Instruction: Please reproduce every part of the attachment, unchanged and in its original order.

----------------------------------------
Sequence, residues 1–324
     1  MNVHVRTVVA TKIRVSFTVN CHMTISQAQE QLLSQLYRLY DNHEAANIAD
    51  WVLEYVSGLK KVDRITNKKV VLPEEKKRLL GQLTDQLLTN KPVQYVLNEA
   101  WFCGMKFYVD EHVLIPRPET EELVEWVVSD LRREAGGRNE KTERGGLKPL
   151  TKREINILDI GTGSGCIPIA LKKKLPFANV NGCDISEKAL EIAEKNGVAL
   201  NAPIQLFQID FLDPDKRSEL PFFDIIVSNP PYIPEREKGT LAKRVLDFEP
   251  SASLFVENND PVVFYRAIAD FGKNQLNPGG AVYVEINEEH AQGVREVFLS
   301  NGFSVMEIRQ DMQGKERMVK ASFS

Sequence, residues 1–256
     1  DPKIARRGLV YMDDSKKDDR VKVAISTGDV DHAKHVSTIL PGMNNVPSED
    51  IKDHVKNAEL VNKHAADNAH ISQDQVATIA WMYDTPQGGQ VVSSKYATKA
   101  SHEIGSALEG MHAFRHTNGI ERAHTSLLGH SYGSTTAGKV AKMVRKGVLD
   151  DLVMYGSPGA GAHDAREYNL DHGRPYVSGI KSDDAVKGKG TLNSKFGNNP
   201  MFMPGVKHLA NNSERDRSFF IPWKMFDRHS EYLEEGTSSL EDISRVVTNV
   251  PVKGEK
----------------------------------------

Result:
Sequence, residues 1–324
     1  MNVHVRTVVA TKIRVSFTVN CHMTISQAQE QLLSQLYRLY DNHEAANIAD
    51  WVLEYVSGLK KVDRITNKKV VLPEEKKRLL GQLTDQLLTN KPVQYVLNEA
   101  WFCGMKFYVD EHVLIPRPET EELVEWVVSD LRREAGGRNE KTERGGLKPL
   151  TKREINILDI GTGSGCIPIA LKKKLPFANV NGCDISEKAL EIAEKNGVAL
   201  NAPIQLFQID FLDPDKRSEL PFFDIIVSNP PYIPEREKGT LAKRVLDFEP
   251  SASLFVENND PVVFYRAIAD FGKNQLNPGG AVYVEINEEH AQGVREVFLS
   301  NGFSVMEIRQ DMQGKERMVK ASFS

Sequence, residues 1–256
     1  DPKIARRGLV YMDDSKKDDR VKVAISTGDV DHAKHVSTIL PGMNNVPSED
    51  IKDHVKNAEL VNKHAADNAH ISQDQVATIA WMYDTPQGGQ VVSSKYATKA
   101  SHEIGSALEG MHAFRHTNGI ERAHTSLLGH SYGSTTAGKV AKMVRKGVLD
   151  DLVMYGSPGA GAHDAREYNL DHGRPYVSGI KSDDAVKGKG TLNSKFGNNP
   201  MFMPGVKHLA NNSERDRSFF IPWKMFDRHS EYLEEGTSSL EDISRVVTNV
   251  PVKGEK